> >problematic issues with this assumption:
> >
> >  * As mentioned above, typical state and common core standards do not
> >    include things such as "Guided Reading Level," "Reading Recovery
> >    Level," and "Lexile Level."  Publishers who are using these terms
> >    to classify their resources do so because their customers search
> >    for resources by these categories.  Here's an example:
> >    www.newbridgeonline.com/search.html
> >  * Aligning products to state or common core standards is typically a
> >    huge undertaking.  While some publishers have correlated their
> >    products to these standards, from our experience many of the
> >    smaller publishers are not prepared to spend the time and money to
> >    embark on this type of effort.  Consider that a typical standards
> >    schema has hundreds or thousands of specific standards.  Even
> >    these smaller publishers can have thousands of products.  Further,
> >    a single resource may be correlated with dozens of these
> >    standards. Correlating these resources to the standards is clearly
> >    a monumental effort in most cases. Requiring publishers to
> >    correlate their products to state or common core standards
> >    discriminates against publishers who cannot afford the cost and/or
> >    time to do so.
> >  * Searching for products aligned to state or core standards is a
> >    separate issue or need for educators.  Educators may not
> >    necessarily be looking for products that are aligned to standards.
> >    In this case, they will use the basic criteria described above to
> >    search for products and arrive at a list of products that meet
> >    their search criteria.  In the case of standards, they will search
> >    a standards database for the specific standards that they wish to
> >    fulfill. This type of search will lead to a search result list of
> >    standards.  From there, they can then view products that meet
> >    those specific standards. This difference can be very subtle, and
> >    may be difficult to understand for people who have not implemented
> >    a standards correlation search system.  However, we have found
> >    that both publishers and educators find these two different search
> >    mechanisms very useful.
> >  * In order to get K-12 educational publishers on board with the
> >    LRMI, the LRMI must be designed to meet the needs of these
> >    publishers and their customers -- educators in the K-12 school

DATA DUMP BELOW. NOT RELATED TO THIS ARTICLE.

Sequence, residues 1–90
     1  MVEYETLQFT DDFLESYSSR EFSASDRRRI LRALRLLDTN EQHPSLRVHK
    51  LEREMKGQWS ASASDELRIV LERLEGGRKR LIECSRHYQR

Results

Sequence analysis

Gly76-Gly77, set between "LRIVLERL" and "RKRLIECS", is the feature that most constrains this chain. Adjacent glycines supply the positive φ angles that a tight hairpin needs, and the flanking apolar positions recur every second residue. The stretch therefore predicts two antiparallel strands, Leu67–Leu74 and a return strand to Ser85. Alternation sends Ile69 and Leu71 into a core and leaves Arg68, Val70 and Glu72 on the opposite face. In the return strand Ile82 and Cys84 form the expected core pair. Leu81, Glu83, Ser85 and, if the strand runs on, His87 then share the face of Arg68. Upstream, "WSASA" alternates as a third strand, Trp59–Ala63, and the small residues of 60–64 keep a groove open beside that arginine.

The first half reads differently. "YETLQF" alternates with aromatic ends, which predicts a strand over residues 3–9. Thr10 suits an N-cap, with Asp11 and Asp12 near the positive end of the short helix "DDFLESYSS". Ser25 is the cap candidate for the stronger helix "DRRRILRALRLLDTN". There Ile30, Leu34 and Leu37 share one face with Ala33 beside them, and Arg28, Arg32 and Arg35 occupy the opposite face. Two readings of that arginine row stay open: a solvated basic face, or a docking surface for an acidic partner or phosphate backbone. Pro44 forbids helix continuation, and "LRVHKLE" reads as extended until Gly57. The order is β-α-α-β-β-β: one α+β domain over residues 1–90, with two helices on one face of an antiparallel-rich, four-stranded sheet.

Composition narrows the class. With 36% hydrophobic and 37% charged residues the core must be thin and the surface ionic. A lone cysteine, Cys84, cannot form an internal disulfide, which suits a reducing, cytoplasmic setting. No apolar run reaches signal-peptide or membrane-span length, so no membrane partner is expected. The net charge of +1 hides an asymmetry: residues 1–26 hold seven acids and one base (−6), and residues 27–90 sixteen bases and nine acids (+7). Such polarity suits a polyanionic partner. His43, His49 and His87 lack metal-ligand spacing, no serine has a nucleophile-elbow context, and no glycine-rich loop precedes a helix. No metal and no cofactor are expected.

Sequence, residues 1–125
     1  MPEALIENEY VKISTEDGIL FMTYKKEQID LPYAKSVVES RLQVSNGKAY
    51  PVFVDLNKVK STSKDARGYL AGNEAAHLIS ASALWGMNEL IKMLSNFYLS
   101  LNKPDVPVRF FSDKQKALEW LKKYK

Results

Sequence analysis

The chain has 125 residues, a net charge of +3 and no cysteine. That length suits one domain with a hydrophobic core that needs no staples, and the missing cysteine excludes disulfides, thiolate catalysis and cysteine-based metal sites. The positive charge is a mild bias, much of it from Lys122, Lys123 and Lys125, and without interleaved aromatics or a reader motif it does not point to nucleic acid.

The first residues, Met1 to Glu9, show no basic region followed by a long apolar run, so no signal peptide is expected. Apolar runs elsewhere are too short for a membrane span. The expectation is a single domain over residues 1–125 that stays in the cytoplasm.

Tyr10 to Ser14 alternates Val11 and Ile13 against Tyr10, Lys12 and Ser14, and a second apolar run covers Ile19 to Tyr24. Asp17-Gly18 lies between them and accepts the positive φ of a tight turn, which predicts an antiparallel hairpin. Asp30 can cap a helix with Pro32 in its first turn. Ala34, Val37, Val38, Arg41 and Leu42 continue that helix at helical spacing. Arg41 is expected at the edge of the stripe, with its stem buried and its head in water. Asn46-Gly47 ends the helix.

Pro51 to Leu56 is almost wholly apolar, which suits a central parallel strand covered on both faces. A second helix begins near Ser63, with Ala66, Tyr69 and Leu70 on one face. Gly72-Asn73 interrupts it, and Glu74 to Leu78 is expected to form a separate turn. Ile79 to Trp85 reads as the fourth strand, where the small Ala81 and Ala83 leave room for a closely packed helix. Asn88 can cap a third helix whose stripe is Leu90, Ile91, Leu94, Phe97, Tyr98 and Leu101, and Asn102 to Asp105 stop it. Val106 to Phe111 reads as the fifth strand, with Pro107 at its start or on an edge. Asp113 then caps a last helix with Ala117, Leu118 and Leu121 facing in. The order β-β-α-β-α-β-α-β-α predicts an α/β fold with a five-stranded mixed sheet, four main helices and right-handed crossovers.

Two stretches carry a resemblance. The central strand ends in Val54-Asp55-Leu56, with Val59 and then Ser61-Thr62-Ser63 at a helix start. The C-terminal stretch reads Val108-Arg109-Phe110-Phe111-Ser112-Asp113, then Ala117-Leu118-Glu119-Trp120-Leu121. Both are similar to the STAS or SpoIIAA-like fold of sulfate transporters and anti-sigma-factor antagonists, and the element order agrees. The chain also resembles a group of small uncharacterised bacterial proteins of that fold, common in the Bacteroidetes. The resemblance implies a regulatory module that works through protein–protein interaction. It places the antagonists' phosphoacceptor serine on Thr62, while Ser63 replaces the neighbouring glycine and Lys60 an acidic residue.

> >    setting. LRMI must take into consideration how publishers
> >    currently categorize and market their products, and how educators
> >    search for those products, rather than trying to force them into a
> >    new system. If the publishers feel that they have to adopt and
> >    implement a completely new system of representing their products,
> >    they will not have the incentive to spend the time and money to
> >    make the effort.  In order to arrive at a useful schema, it is
> >    necessary to take into consideration the educational criteria that
> >    K-12 publishers and educators value.
> >
> >There are other examples of product "properties" which we have
> >found that publishers and educators both require. We see no
> >problem in adding some of these common attributes to the schema.
> >If they are not used, no harm done.  But if the schema properties
> >that are necessary and important to publishers and educators is
> >not present, it will be a huge disappointment to them.
> >
> >However, we understand that it is not feasible to accommodate all
> >these properties in the LRMI schema.  A suggestion, therefore,
> >would be to allow the spec to be extensible. This way publishers
> >who have a need for specific properties that are not part of the
> >default schema could add their own.
> >
> >Finally, as I mentioned, we have a great deal of data on the
> >categorization of K-12 educational resources and the usage
> >patterns of educators who search for these resources.  With the
> >publishers' permissions, I would be happy to present examples of
> >this data to the appropriate audience, if this would be helpful.
> >
> >Many thanks again for your efforts in this endeavor and for
> >considering these issues.  I apologize if this is not on point.
> >
> >Cheers,
> >Monty
> 
> 
> -- 
> Ubuntu: not so much an operating system as a learning opportunity.
> 

-- 
Greg Grossmeier
Education Technology & Policy Coordinator
twitter: @g_gerg / identi.ca: @greg / skype: greg.grossmeier
Received on Friday, 15 June 2012 23:02:41 GMT